"Coffee in Georgian-Era England
"No coffee, I thank you, for me -- I never take coffee. A little tea if you please, sir,by and bye…” Jane Austen’s Emma
In my upcoming novel, A Return to Norland, one of my characters is involved with coffee plantations in the West Indies, which meant I had to do a little research on coffee in general, and to what extent it was part of the daily lives of Georgian England.
Coffee had been introduced to English society in the 1600s, and by 1675 there were over 3,000 coffee shops spread over England. We are told that the atmosphere in these cafes was as much a part of the attraction as the drink, I guess not unlike today’s cafes, where people go for the ambience, and to be seen, as much as for the coffee itself.
However, unlike today’s cafes, those coffee houses in England from the 1700s onwards, were seen as places where men would gather to discuss erudite subject matter, discuss political issues, catch up with the day’s news and so forth. Commonly referred to as ‘penny universities’ they provided a place where people (males only unfortunately) could learn as much sipping coffee and listening to the discussions, as they could in a lecture room! The majority of those frequenting the coffee houses were people of higher social status. Coffee houses were the equivalent of today’s think-tanks, basically. Some famous businesses, notably Lloyd’s of London, were born in coffee houses of the 18th century.
Over time, coffee houses adapted to the social circles and needs of different coffee-drinking populaces. For example, The Coffee House, a favoured haunt of merchants and sailors, saw shipping information was shared and deals conducted. The Grecian Coffee-House in Devereux Court catered to the Whigs; the Rainbow attracted Freemasons and French refugee Huguenots. Slaughter’s on St. Martin’s Lane, boasted an artistic clientele. Still other coffee houses, including the Moll King’s coffee house Covent Garden, catered to lower class tastes
Many virtues have been ascribed to this berry, which it never possessed; and much undeserved censure has been thrown upon its use. It is certainly good in weakness of the stomach, head-ache, and want of appetite; in lethargic and sleepy diseases; but it is not good for lean and bilious people, nor for women in a state of pregnancy. Its invigorating qualities are strongly experienced, by taking it when the stomach is over-loaded with food, nauseated with surfeit, or weakened by intemperance; and it certainly takes away that listlessness and languor, which nervous people so severely feel, after any deviation to excess, fatigue, or irregularity. It is said to be of use in the gravel; and a dish of strong coffee, without milk or sugar, taken frequently in the height of an asthmatic fit, contributes much to its abatement. In the wet and damp seasons, to which the climate of England is so subject, there is no doubt but great advantage must result from the use of coffee.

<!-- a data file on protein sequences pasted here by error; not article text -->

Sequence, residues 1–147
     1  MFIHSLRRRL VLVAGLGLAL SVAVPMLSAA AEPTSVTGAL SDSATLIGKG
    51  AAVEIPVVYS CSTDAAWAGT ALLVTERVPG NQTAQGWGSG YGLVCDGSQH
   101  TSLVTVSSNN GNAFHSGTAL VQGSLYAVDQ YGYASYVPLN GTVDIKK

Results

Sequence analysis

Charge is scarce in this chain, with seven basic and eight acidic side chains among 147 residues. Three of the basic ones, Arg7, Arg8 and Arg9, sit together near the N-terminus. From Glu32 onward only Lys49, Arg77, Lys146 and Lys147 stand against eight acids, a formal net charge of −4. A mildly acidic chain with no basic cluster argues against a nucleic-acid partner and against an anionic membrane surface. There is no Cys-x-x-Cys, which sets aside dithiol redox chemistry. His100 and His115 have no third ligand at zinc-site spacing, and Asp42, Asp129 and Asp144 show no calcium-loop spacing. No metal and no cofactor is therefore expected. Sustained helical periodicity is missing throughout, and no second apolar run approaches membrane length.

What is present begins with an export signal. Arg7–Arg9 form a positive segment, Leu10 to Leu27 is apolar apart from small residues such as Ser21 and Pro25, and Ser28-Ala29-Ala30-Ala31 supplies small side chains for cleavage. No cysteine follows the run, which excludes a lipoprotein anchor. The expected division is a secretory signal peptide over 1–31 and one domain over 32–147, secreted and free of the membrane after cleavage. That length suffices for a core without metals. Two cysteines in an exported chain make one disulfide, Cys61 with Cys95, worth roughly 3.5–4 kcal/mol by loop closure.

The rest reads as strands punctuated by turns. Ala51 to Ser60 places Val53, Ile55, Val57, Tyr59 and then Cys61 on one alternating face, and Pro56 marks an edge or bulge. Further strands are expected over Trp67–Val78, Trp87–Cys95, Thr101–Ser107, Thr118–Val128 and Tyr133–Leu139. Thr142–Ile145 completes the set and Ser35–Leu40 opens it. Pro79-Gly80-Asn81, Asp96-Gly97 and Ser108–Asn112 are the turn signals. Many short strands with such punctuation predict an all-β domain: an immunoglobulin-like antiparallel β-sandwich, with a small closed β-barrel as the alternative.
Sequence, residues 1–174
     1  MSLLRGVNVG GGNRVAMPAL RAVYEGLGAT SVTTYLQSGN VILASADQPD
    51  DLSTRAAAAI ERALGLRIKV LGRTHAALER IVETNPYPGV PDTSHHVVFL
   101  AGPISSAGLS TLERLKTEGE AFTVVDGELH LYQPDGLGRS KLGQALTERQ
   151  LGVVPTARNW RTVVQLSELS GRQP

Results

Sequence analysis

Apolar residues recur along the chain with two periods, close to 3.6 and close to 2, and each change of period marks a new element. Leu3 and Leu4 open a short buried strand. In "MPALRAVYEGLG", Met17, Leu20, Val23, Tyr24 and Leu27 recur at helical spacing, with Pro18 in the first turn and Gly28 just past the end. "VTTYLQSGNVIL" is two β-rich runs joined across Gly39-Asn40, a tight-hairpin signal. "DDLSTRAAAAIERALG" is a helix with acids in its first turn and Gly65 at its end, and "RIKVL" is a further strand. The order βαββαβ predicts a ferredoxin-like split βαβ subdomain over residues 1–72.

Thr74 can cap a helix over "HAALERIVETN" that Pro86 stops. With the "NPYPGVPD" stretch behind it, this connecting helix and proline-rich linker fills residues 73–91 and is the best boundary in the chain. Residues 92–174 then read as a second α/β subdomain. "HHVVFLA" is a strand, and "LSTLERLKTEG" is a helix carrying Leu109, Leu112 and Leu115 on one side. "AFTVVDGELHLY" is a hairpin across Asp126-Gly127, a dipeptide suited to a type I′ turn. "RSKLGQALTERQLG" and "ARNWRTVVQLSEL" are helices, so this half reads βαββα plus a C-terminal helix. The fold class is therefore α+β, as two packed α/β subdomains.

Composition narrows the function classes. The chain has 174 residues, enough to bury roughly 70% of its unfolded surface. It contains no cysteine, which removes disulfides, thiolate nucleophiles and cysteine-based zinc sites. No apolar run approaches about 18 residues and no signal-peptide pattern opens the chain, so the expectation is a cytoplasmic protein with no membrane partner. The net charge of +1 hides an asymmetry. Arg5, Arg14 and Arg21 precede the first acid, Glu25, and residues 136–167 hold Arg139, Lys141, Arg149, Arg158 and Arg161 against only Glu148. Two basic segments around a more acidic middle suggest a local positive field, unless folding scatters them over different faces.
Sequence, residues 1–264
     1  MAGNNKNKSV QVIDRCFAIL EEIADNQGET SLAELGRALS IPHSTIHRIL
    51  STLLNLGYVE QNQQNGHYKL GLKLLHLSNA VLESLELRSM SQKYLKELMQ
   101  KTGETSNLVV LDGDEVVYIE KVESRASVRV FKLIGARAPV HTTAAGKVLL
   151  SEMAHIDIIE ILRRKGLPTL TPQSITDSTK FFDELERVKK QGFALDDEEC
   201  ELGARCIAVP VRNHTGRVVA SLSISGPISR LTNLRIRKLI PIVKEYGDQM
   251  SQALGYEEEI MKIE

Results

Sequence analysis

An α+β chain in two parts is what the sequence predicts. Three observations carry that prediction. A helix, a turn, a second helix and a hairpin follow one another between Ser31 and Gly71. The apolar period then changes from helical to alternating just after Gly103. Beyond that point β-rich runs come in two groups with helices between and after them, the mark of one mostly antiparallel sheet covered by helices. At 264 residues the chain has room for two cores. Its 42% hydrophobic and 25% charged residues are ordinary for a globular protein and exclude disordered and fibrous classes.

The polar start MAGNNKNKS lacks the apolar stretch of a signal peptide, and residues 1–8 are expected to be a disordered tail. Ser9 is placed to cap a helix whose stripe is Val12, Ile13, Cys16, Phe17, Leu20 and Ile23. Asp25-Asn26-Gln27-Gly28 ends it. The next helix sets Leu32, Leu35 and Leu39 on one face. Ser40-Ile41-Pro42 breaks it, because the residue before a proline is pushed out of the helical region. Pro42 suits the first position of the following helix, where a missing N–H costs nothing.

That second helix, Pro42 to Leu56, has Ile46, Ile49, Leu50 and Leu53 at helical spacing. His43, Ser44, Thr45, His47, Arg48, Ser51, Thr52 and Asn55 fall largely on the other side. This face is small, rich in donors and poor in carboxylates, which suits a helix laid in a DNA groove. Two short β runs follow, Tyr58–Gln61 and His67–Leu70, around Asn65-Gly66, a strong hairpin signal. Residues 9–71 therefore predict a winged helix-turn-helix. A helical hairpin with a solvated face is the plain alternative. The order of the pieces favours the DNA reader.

Coffee was not just reserved for coffee houses, however, and was a very common beverage on the breakfast table in many homes, and at many other times of the day also. Austen talks of coffee in almost all her novels, with the quote above coming from the novel Emma, where Miss Bates eschews an afternoon pick-me-up coffee, for the staple of English society, tea. But it is drunk with appreciation in Northanger Abbey, Sense and Sensibility, Mansfield Park and –on no fewer than six occasions – in Pride and Prejudice. For example, in Pride and Prejudice, when the gentlemen returned to the drawing room from their after-dinner port, they enjoyed coffee with the ladies, and Elizabeth is the one in charge of pouring the coffee-pot.
In a letter to her sister Cassandra in 1799, Austen noted that coffee was regularly on the breakfast table while her brother was home, noting, ‘It is rather impertinent to suggest any household care to a housekeeper, but I just venture to say that the coffee-mill will be wanted every day while Edward is at Steventon, as he always drinks coffee for breakfast’.
Although coffee was a popular drink, tea retained its place as the national drink. By the beginning of the 1800s, coffee houses had begun to wane in popularity. This was partly due to elite clubs and societies becoming more closed-door, and at the same time, the British East India Company influenced government policies to stimulate the demand for tea. Therefore, public coffee houses had slowly begun to disappear by Austen’s time, and had almost completely vanished by the 1830s, although coffee continued to be drunk in the home as a popular beverage.